ERUSALEM The Israeli parliament approved the 2005 state budget on Tuesday, removing the last legislative obstacle to Prime Minister Ariel Sharon's plan to withdraw from the Gaza Strip this summer.
The 58-36 vote dashed hopes of Jewish settlers in the Gaza Strip and their supporters of bringing down Sharon's government before the planned withdrawal and preventing the pullout by political means.
Failure to pass the budget by Thursday would have forced new elections within three months, delaying or even shelving the plan to evacuate all 21 Jewish settlements in the Gaza Strip and four in the West Bank.
On Monday, parliament overwhelmingly rejected a national referendum on the pullout, a move advocated by the settlers that could have put the plan on hold.
Acknowledging political defeat, settler leaders said they would take their struggle to the streets and to the Gaza settlements, warning that they would bring out 100,000 protesters to block the withdrawal, known as the disengagement plan.
Passage of the budget, capping a year of intense political maneuvering, was a resounding victory for Sharon, who faced a mutiny from lawmakers in his Likud party and resistance from former rightist allies who tried to scuttle the pullout.
But Sharon struck deals on the budget with the opposition Shinui party, which has 15 seats in the 120-member legislature, and with small fervently-Orthodox and Israeli Arab factions, promising funds for their constituencies in exchange for support.
"In parliamentary terms it is signed and sealed; the disengagement is on its way," said Ehud Yatom, a Likud lawmaker opposed to the withdrawal.
Sharon plans to evacuate about 8,500 settlers in the Gaza Strip and 500 in the West Bank over several weeks, starting the last week in July. Settlers have been given until July 20 to leave or face eviction.
Leaders of the settlers have vowed to send tens of thousands of protesters to the streets and to reinforce the settlements in order to prevent Israeli police officers and soldiers from evacuating them.
Groups of protesters have blocked traffic on major highways a few times in recent weeks by sitting on the roads and burning tires.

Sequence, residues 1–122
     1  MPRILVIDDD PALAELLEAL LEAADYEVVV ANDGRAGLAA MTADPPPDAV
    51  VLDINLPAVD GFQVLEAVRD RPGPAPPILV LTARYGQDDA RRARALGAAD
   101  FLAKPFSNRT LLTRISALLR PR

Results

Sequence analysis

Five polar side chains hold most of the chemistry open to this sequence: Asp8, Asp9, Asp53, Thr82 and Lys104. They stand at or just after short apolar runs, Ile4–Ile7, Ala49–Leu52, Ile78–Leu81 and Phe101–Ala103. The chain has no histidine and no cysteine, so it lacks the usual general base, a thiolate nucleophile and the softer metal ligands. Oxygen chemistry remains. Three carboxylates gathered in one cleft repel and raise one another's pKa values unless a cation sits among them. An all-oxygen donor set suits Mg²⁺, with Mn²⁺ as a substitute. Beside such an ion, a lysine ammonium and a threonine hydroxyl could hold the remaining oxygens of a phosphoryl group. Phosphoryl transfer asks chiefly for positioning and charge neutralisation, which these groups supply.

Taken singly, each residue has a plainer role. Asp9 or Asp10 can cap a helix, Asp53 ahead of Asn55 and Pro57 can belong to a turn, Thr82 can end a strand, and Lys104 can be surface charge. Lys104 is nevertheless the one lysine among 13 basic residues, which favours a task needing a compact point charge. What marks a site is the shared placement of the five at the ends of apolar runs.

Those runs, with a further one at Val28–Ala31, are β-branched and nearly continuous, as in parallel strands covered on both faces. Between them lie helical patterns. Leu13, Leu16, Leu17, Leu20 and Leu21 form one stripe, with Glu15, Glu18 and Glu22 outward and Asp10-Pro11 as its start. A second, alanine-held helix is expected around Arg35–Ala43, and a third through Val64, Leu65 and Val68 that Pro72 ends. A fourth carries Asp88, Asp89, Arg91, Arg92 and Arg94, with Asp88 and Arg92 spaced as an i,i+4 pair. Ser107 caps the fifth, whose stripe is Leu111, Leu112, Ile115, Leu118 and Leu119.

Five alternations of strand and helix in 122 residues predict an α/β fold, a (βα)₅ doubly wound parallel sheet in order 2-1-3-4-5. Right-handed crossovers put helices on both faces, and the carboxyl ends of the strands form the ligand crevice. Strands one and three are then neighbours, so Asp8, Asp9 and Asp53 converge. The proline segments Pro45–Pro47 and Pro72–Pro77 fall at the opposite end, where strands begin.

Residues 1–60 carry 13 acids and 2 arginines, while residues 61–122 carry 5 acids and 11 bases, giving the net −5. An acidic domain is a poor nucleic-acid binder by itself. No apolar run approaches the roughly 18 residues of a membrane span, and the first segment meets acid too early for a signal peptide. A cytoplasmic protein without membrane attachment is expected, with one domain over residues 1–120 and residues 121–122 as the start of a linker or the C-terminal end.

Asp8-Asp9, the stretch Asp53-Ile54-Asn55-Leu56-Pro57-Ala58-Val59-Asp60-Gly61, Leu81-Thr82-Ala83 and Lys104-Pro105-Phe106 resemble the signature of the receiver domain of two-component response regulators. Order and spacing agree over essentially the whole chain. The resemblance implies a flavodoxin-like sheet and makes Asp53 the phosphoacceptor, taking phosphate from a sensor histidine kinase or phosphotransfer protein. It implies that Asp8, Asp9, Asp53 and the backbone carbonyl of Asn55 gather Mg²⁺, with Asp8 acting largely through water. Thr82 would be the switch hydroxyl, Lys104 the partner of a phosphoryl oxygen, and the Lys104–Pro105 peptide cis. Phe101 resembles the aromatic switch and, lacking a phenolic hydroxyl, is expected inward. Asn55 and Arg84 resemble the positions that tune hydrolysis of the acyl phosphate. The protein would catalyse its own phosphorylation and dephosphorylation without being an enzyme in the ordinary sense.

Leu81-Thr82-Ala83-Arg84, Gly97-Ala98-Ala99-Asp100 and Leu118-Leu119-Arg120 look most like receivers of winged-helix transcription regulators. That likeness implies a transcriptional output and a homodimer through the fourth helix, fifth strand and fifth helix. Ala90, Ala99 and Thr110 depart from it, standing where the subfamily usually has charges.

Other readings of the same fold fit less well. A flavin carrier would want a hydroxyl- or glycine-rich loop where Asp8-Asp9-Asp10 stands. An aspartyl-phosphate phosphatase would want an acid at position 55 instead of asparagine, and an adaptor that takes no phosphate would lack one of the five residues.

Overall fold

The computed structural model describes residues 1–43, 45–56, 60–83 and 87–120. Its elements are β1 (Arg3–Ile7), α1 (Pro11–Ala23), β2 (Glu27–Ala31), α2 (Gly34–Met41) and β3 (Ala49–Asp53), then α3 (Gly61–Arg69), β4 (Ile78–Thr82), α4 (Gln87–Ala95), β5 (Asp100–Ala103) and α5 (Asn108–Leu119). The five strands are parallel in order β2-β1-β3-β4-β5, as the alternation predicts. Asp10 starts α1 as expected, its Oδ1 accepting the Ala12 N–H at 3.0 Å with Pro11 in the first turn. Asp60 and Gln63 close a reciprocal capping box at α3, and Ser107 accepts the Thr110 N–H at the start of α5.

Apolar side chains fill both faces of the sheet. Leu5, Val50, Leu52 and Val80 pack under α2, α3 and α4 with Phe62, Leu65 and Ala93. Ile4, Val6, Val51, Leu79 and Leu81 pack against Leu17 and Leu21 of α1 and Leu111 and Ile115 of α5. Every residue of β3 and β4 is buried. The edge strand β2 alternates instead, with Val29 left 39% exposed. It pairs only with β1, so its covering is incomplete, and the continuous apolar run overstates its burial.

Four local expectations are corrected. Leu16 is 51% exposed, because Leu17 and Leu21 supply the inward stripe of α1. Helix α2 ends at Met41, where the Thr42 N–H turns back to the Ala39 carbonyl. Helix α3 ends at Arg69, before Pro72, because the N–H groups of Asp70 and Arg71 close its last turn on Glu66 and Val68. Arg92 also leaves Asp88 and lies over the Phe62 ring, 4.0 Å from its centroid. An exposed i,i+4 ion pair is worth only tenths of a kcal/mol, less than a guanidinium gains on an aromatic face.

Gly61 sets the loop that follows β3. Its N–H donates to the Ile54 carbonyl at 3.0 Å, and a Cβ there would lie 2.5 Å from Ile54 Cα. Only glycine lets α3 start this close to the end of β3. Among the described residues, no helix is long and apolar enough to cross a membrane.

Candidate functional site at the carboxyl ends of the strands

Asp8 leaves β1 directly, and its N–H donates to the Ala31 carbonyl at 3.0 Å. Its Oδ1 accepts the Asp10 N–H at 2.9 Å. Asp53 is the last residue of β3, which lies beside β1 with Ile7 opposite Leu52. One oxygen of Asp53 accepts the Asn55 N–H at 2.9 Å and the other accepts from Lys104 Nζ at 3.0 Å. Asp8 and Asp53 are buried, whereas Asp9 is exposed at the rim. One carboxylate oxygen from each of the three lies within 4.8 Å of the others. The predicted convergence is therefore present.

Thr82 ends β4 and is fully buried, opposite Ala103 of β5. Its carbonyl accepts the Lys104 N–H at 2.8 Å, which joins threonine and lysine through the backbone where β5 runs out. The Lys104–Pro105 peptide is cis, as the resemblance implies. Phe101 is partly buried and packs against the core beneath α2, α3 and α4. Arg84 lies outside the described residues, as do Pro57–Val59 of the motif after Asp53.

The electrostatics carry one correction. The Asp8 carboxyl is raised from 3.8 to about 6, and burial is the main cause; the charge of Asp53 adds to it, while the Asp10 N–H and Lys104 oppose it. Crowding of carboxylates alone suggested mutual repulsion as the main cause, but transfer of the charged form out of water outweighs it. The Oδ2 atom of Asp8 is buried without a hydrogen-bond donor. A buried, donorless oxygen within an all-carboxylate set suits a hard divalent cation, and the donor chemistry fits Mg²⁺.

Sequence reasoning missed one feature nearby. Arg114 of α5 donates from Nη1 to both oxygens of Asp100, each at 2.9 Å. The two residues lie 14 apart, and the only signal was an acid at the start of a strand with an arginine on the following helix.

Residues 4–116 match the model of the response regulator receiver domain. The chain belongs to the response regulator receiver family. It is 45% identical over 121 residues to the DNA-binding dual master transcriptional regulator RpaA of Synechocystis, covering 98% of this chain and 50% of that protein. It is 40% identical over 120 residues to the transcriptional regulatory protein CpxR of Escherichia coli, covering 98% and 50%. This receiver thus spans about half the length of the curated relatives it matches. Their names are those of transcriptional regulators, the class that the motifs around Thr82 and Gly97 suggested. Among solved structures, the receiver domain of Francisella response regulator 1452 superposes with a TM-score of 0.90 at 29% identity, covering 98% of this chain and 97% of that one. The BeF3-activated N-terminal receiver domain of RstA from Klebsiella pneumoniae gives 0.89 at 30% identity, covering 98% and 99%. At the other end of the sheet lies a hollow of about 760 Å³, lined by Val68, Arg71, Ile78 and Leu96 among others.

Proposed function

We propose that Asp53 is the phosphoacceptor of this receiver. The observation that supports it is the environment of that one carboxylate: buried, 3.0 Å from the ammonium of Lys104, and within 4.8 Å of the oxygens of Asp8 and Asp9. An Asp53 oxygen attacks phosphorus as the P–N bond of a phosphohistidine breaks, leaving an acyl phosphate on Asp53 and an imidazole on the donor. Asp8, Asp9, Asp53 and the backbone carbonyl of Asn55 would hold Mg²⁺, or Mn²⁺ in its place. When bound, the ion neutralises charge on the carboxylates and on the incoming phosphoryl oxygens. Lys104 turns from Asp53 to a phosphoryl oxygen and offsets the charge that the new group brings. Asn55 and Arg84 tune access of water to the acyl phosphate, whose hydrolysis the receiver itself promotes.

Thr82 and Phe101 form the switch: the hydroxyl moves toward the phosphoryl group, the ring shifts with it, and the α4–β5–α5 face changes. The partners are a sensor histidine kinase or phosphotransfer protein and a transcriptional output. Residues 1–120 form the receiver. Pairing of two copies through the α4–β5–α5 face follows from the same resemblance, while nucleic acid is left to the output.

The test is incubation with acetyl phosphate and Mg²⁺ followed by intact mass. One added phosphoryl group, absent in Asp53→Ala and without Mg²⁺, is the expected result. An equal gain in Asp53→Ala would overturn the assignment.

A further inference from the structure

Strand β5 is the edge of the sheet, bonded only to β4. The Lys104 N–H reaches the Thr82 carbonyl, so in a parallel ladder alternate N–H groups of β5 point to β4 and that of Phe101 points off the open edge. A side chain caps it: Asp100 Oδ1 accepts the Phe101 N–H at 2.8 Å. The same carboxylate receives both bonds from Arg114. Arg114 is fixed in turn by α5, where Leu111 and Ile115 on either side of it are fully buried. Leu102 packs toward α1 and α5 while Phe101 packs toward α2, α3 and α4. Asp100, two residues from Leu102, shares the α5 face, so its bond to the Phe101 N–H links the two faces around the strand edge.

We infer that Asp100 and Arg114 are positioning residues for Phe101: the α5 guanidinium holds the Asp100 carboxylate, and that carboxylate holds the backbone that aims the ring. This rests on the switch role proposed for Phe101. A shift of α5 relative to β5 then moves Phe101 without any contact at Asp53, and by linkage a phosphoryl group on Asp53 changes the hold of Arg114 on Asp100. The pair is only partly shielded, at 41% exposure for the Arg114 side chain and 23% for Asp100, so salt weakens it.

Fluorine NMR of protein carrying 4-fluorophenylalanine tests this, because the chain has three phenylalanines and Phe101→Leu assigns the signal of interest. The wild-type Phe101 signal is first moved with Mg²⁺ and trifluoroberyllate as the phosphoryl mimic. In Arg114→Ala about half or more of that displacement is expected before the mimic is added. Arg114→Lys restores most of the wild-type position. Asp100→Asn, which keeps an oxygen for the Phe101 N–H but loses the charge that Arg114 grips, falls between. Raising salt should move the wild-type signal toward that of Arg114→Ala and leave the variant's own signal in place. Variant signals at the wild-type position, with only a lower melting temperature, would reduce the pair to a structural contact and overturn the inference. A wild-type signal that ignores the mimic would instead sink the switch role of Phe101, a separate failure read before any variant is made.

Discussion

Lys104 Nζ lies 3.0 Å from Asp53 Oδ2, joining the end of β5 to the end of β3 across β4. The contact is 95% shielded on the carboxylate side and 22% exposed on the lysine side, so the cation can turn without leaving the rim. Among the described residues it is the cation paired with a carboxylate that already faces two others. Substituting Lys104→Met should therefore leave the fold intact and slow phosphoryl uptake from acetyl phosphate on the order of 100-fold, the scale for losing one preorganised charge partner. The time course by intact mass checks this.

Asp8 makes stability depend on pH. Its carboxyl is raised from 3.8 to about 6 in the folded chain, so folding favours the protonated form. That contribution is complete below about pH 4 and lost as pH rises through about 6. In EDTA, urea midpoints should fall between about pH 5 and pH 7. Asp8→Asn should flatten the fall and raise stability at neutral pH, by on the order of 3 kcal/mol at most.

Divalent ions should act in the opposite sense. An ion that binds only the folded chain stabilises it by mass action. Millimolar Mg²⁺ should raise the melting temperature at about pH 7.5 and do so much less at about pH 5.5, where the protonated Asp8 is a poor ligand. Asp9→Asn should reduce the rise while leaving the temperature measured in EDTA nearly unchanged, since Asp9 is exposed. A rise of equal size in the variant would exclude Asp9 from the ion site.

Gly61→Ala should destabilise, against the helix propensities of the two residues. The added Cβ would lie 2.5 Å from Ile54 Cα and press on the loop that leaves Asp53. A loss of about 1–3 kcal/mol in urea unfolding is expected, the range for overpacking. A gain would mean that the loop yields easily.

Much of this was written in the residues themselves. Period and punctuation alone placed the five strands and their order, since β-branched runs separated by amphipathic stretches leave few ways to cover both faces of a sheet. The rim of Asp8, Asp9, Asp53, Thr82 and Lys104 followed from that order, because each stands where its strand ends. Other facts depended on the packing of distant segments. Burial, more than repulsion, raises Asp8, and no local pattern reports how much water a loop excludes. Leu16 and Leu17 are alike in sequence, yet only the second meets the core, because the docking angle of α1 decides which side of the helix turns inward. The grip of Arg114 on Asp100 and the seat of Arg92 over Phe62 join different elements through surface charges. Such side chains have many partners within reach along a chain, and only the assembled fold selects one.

To prevent people from reaching the settlements, the Israeli army plans to declare them closed military zones at least 45 days before the planned evacuation. While the settler leadership has called for non-violent protest, Israeli security officials have warned that Jewish extremists and hard-core opponents of the withdrawal among the settlers could violently resist the evacuation, possibly with guns.
Public Security Minister Gideon Ezra said Tuesday that he was advised by someone close to the settler leadership to collect the settlers' weapons before the withdrawal.
The minister did not name the person who suggested disarming the settlers, but Israel Radio identified him as Effi Eitam, a rightist lawmaker who resigned from Sharon's government in protest over the withdrawal plan. Eitam recently announced that he would move to the Gaza Strip in a show of support for the settlers.
Despite large demonstrations by the settlers and their supporters in recent months, opinion polls have consistently shown that two-thirds of Israelis support the withdrawal from Gaza, an impoverished coastal strip where the settlers live in tightly guarded enclaves among 1.3 million Palestinians.
Sharon has argued that the Gaza settlements would not be retained in any future agreement with the Palestinians and, therefore, are not worth the military and economic cost of maintaining them.